Common scams and doorstep crimes
Bank card fraudsters targetting people using parking machines
If someone approaches you for help to pay for parking using your bank card, just say ‘no’.
When using parking machines and paying by card, always protect your PIN from bystanders.
If you need help with payments while using a parking machine, please call the number printed on the machine.
Unfortunately, there are fraudsters exploiting the coronavirus pandemic to scam the public.
These criminals are taking advantage of people’s vulnerability at a time when they are likely to be distracted by concerns regarding coronavirus. Victims of these scams have already lost over £1 million.
It’s worth taking time to make sure you are protecting yourself and your family from those trying to take advantage of this situation. Find out more about coronavirus related scams
A National West customer received a call with the number showing NW. The caller said he was from the fraud team and gave the customer's name saying there had been suspicious activity on the account, quoting two payments which were invented to justify ordering a new card. He followed up asking for confirmation of security questions. He gave the right email address, some correct financial details, including overdraft limit, account number and mother's maiden name.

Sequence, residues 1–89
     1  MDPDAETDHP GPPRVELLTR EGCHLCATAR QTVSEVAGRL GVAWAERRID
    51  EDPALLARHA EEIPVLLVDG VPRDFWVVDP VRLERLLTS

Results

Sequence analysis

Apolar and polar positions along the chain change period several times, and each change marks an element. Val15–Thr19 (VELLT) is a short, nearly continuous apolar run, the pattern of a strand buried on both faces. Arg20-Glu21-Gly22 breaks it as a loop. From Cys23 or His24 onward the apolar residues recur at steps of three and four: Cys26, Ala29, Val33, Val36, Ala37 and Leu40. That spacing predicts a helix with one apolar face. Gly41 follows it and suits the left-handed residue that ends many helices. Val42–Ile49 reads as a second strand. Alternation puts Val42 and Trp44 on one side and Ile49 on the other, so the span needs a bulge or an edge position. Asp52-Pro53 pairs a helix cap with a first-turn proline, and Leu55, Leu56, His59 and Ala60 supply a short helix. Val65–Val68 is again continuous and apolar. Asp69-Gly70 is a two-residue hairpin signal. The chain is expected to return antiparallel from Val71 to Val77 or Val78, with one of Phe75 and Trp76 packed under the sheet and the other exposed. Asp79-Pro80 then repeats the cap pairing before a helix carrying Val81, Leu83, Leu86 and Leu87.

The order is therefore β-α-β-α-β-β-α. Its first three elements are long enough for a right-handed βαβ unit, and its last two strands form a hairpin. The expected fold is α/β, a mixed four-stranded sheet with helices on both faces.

The fraudster then asked for some security numbers, the customer confirmed some, but did become suspicious. When she challenged the caller, asking him for other details, he slammed the phone down.
At this point the fraudster had enough to set up an online banking account to which they had access. Fortunately, the customer knew the correct number for the fraud team and called them, and was able to ensure no withdrawals were made. But it was a close call.
Even if someone appears to know your details always call a fraud team yourself, ideally on a different line. If that is impossible, simply type some random numbers into the phone first, to ensure the fraudster is not still on the line. Never use a number they have given you.
Your bank should have good online help pages where you can usually find excellent advice.
A Fulham resident received a visit from a builder who offered to do some guttering work for a small sum. When on the roof they claimed there were major faults, which required a full replacement.